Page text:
... The studio is working us hard and fast, but at the same rate as 15 years ago. We have a smaller, crew, more work, and all of us are freelance. This amounts to a 35% pay cut. ...
$600 per page. * NOTE: 600 dollars per page is frickin' CHEAP!! (This from a freelance storyboard artist.)
Never asked to work more than 40 hours in five days in the past three years. (This from someon working 50 hours per week.)
We don't get paid overtime, but we work over 50 hours per week. Design is paid O.T. -- story isn't.
No paid overtime, salaried position only, including some Saturdays. Sometimes we work a 70-hour week. (This from a non-signator studio.)
No raises in the last three years. (This from a character designer.)
I'm making less than I was paid in 1997. I'm making $1485 now. (This from a storyboard reivionist.) ...
In the 1990s, animation artists were making two to three times Animation Guild minimum rates. Often I heard the cry: "What do we need a contract for? We're making three thousand dollars a week!"
But there was a reason for this: Demand, for a few happy years, way outstripped supply. (And Adam Smith isn't wrong.) But that reality didn't last, the industry dipped, and universities, colleges and art schools began turning out animators, board artists, and computer graphic tech directors by the thousands. And whattayaknow? Supply got up with demand. And overshot it.
So here we are in 2013, and the contract minimums again have relevance. Last week I spoke on the phone with the manager of a non-signator, L.A.-based animation studio who marvelled at another studio in New York who was paying artists $400 and $500 a week. "How do they do it?" she asked me. "How do they make movies and t.v. shows on some of their teeny, tiny budgets?"
I answered that there is no hindrance to paying low wages in New York City, because there is no union there putting upward pressure on wages. Added to which New York is a small animation market with little competition and a lot of hungry artists.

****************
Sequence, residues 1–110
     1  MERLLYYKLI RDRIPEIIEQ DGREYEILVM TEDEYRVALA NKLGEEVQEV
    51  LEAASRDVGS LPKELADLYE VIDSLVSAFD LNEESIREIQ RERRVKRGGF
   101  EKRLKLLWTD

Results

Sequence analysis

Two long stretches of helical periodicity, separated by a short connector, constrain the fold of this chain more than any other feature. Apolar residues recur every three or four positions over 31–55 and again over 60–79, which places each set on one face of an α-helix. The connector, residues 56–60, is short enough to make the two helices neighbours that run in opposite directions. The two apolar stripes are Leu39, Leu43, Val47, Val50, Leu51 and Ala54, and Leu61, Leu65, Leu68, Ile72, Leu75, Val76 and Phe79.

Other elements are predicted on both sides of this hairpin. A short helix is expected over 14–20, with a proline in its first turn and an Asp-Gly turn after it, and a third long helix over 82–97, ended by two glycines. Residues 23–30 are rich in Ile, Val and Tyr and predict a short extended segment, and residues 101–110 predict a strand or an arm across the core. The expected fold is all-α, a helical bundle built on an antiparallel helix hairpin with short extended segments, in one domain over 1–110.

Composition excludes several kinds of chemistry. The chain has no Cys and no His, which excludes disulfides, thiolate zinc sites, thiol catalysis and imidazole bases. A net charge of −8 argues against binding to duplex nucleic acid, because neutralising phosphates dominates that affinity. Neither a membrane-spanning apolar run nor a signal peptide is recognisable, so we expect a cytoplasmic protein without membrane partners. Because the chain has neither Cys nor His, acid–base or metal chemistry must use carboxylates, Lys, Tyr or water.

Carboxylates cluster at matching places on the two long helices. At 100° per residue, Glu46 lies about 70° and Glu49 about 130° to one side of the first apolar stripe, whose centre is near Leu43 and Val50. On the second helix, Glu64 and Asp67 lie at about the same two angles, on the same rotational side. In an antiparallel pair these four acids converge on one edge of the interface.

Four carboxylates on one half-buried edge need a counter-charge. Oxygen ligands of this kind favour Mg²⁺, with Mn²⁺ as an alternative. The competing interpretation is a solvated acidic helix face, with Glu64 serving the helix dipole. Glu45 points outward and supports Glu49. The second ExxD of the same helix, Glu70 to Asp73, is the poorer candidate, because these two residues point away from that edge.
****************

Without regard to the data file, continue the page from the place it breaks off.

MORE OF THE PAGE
The entertainment industry in general, and animation in particular, is global. The United States has minimal trade restrictions on cheap and/or subsideized movie work. Little wonder then that the Los Angeles entertainment community has taken it in the shorts, work and wage-wise, for the last several years. Animation in Los Angeles has done far better than wide segments of live-action because the talent pool is wide and deep and not easily replicable.
However, "not easily" isn't the same as "not." Animation artists, as witnessed in the comments above, have taken economic hits along with everybody else, and they have long-term ahd snort-term remedies.
The short-term solution to not getting shorted on pay is to work cohesively with peers, and build a culture that demands to be compensated for actual hours worked. At union studios, this means encouraging people not to work for free when the schedule is tight, and letting the business representative (moi) know what's going on.. (This is often easier said than done, but I've seen artists that have worked together to not get shorted. I have been phoned. And I've seen artists succeed.)
For the long term, we've got to push for a level playing field where countries (Great Britain? Canada?) aren't being subsidized to the detriment of other countries. That should be simple to achieve, yes?